Similar efforts to offer online training are being pursued in areas of applied immunology, specifically in HIV vaccine development. Diverse audiences of students from around the world are building the infrastructure that is required to recruit and retain volunteers in clinical trials that evaluate the safety, immunogenicity and efficacy of experimental vaccine candidates. The HIV Vaccine Trials Network (see the Online links box), which is supported by the National Institute of Allergy and Infectious Diseases (United States), engages a global network of investigators who are dedicated to speeding the delivery of an effective preventive vaccine against infection with HIV. Spread across 4 continents at 30 clinical-trial sites, the network faces a challenge to train its newest investigators and affiliated laboratory staff to participate in protocol development and implementation. To support this essential capacity-building effort, the network has spearheaded a new online training programme in collaboration with the EuroVacc Foundation (see the Online links box) and other partner institutions. The LMS platform mentioned earlier will also be utilized by this programme, which is known as the Online Collaborative Training for AIDS Vaccine Evaluation project (OCTAVE project; see the Online links box). The OCTAVE project will deliver training in priority areas, including good clinical and laboratory practices, HIV pathogenesis and HIV vaccinology. The use of e-learning by the OCTAVE project will complement, rather than replace, face-to-face training offered by trial sponsors. This blended approach to learning, although resource intensive, responds to the need for on-site face-to-face training visits, which are particularly useful for training in laboratory methods, while acknowledging the value of reinforcing key concepts after the trainers have departed. This article explores the advantages and limitations of e-learning compared with conventional approaches to teaching, and it details how Immunology Online and the OCTAVE project plan to reach their target audiences in the coming years.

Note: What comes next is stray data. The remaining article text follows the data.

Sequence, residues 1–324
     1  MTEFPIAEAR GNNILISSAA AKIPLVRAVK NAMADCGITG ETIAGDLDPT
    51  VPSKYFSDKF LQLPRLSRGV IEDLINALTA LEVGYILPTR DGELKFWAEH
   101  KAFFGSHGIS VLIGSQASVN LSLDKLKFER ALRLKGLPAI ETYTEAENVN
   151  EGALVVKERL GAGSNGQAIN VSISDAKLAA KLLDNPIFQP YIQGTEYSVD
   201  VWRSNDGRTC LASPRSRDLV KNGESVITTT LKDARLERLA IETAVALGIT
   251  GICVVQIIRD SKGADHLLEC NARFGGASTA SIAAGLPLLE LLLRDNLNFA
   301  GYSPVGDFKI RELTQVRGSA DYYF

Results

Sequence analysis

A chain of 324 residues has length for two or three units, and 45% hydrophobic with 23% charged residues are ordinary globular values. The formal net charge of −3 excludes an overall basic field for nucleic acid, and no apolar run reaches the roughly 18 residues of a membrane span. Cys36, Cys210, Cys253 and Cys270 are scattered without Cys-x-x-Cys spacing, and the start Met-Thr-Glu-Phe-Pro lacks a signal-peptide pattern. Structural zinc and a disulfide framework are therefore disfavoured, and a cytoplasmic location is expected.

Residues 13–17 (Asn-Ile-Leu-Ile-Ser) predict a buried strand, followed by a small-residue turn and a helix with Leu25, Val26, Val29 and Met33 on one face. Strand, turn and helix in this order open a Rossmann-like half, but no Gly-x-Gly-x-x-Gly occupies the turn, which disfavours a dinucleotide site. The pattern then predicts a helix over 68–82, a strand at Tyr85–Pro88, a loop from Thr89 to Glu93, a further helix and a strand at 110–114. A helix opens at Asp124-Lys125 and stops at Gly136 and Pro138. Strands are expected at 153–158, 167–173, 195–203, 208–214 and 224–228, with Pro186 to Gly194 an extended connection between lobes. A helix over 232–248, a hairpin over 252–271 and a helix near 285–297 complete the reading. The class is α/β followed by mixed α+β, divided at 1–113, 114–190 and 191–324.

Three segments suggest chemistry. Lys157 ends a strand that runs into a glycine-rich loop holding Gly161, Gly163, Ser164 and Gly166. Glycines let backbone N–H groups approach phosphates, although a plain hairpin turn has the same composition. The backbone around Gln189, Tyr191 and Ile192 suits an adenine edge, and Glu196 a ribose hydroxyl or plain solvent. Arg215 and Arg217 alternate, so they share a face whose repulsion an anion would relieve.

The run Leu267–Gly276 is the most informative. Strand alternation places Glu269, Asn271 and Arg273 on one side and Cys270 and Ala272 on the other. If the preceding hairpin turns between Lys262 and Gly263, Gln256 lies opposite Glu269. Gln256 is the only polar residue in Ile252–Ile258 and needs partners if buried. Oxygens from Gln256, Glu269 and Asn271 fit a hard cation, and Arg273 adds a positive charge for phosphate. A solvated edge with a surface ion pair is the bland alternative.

Pros and cons of e-learning

Recent studies indicate that students are satisfied with e-learning, lending support to this method as a viable alternative to conventional teaching methods in basic science and applied public-health practice1,2. However, many university-based immunology curricula still rely exclusively on several individual instructors who develop lecture-orientated courses independently of one another without attempting to harmonize the content. This vertical approach to course development (Fig. 1) upholds the autonomy of each individual teacher and his or her control of all phases of the educational process, but it complicates broader attempts to standardize curricula across institutions, which is a goal of the SVC and other groups. Conventional teaching models are also resource intensive; to cover basic and clinical immunology, several faculty experts are required, each of whom must repeat the process of designing and delivering one or more courses. Moreover, conventional models can affect how students learn over time as they encounter different instructors whose courses might diverge from institutional learning objectives.

Figure 1: A conventional model of course development and delivery.
figure 1

This sample timeline describes a conventional approach to developing a course in immunology. Six basic steps (shown as sequential red bars) are required of the course faculty members. These steps include translating institution-sanctioned learning objectives, developing a course syllabus that meets the specifications of the project, teaching the class, and assessing student learning. On the basis of the opinions of the instructor about how the course was delivered and any feedback received from students, the course is subsequently refined and maintained.

e-learning offers a strategy that can standardize the content produced by experts who are collaborating within or across institutions. This requires a coordinated curriculum-planning process that promotes shared learning objectives and facilitates the creation of up-to-date content. Moreover, depending on the capacity of the Internet-based platform that is used, it might be possible to track centrally the learning of an individual student and to provide feedback to both the student and the instructor regarding whether the course objectives have been met.

There are, however, notable limitations when using an Internet-based approach to teach immunology, many of which are applicable to e-learning in general. Sophisticated animation, which can enhance learning of the biological sciences, requires students to have access to individual computers with sufficient data-handling capacity and high-speed connections to the Internet if they are to appreciate properly the content of a web site. Also, text-heavy web sites can be difficult to read on a computer screen. Furthermore, there is the risk of reducing social interactions, which can foster learning both among students and between students and teachers. To remedy this, Internet-based communication tools, such as online chat groups and forums, have been used effectively in distance learning and can be adopted by new online courses to optimize blended approaches to learning.